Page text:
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Published on : Monday, June 8, 2015
On 3 June, the UIC, the international rail community and many partners from the road sector as well as a number of international institutions held the 7th edition of International Level Crossing Awareness Day.
As in previous years, many countries participated in this global event; some re-laid it on their websites or on social media, and others organised a range of activities around 3 June. The partners in ILCAD will focused in particular on safety at level crossings, but some also made the most of the opportunity to raise public awareness of other dangers such as crossing railway lines where it is strictly forbidden to do so, or safety on station platforms.
Each year, the ILCAD partners choose a different section of the public for their awareness campaign and this year they have decided to focus on pedestrians and cyclists.
Almost all collisions on level crossings result due to the actions of the road users, but increasingly also due to pedestrians and cyclists. Behaviour such as failing to respect the highway code, lapses in concentration, habit, fear of arriving late for school, work or an appointment, lack of awareness of the risks are all involved. Such behaviour which fails to take safety adequately into account, leads level crossing users to act recklessly, leading to severe injuries or even loss of life. They can put the lives of others at risk, whether those travelling in their vehicles, or rail staff and passengers.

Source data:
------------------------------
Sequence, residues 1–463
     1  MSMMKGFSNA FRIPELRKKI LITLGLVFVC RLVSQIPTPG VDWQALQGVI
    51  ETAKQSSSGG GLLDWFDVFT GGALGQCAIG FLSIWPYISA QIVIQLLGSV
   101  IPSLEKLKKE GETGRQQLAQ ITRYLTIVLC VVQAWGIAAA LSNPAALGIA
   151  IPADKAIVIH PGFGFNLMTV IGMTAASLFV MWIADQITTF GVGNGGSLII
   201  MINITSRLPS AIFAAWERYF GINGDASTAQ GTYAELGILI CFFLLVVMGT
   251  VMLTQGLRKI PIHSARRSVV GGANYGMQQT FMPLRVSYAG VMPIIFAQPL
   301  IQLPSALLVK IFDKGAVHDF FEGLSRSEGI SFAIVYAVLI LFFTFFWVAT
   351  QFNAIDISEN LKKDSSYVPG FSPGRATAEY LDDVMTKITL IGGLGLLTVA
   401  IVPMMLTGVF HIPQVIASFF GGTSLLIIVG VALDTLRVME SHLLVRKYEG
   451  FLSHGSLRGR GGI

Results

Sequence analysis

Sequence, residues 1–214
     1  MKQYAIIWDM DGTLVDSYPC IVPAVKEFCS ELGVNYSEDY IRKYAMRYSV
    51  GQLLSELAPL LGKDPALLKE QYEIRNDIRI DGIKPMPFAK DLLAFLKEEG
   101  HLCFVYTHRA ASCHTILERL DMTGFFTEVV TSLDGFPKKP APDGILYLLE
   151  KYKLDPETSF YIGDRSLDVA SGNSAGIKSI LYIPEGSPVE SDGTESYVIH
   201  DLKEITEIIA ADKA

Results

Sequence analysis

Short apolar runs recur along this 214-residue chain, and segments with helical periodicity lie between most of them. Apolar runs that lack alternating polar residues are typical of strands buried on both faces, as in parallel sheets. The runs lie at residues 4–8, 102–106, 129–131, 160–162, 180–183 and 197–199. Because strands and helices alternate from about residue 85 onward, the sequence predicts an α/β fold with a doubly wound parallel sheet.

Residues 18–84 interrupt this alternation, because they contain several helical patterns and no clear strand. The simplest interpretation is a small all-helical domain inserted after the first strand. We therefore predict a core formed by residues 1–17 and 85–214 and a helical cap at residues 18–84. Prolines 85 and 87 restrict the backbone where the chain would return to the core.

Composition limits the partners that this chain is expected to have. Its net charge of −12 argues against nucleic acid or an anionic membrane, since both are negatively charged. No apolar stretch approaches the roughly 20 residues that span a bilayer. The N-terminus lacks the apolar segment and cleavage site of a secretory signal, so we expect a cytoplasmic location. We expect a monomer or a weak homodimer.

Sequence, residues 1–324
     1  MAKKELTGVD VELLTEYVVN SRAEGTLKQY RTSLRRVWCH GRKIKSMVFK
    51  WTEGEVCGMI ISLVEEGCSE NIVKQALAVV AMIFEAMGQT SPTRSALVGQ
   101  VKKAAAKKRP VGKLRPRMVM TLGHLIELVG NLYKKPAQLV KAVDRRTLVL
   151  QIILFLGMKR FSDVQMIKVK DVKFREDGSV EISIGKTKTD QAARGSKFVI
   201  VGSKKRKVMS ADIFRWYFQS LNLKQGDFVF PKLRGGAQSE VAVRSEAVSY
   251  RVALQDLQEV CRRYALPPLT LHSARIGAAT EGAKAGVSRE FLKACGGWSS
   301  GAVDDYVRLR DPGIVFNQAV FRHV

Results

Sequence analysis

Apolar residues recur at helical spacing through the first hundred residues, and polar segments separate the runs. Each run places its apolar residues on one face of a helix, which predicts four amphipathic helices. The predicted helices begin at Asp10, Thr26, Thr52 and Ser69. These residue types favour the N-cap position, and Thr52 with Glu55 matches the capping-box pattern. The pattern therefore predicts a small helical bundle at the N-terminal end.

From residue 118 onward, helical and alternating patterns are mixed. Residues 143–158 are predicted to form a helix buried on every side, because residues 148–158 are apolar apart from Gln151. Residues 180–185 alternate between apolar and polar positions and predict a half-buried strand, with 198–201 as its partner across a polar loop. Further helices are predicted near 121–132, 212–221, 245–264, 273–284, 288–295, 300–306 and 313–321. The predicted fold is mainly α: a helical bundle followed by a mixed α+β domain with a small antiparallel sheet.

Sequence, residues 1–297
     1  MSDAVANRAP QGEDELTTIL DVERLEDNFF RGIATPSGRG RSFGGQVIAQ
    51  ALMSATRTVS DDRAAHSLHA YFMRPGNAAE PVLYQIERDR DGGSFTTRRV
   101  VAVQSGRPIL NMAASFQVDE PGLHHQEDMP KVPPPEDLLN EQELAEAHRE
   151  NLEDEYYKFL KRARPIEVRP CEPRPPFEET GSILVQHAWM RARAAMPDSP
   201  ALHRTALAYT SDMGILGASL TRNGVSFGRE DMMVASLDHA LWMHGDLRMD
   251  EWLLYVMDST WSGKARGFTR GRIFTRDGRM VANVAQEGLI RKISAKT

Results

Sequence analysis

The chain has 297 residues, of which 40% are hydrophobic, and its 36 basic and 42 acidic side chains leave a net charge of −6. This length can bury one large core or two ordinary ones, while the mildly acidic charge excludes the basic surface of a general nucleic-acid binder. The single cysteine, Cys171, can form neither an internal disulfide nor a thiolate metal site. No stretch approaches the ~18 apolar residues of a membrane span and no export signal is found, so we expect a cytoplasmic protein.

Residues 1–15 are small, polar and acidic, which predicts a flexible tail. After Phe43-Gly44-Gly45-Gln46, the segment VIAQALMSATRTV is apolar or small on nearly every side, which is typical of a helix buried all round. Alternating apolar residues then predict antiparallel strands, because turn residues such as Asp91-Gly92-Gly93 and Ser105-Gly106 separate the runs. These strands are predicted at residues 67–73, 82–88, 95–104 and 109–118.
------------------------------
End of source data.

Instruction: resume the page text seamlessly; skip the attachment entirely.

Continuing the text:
Pedestrians who pass under or over the barriers at level crossings to save time, or cyclists who illegally zig- zag round the half barriers may sometimes allow a first train to pass but fail to expect another coming from the other direction and are struck by it.
To promote the awareness of these pedestrians and cyclists who infringe the law or who are oblivious of the risks they are running, they had produced a new 1-minute-video and some posters. These posters were made with pedestrians and cyclists in mind, but will be useful as a reminder to all users in a hurry, distracted by modern technology (mobile phones, headphones, sat nav, etc.), stressed by modern-day life. These are the people who do not respect road signs and take unnecessary risks by crossing the tracks when the light is flashing or even when the barriers are down announcing the arrival of a train.
This is a social phenomenon seen throughout the world. Indeed, the number of collisions on roads and level crossings linked to increased use of new technology or the wearing of headsets or earphones has increased in many countries.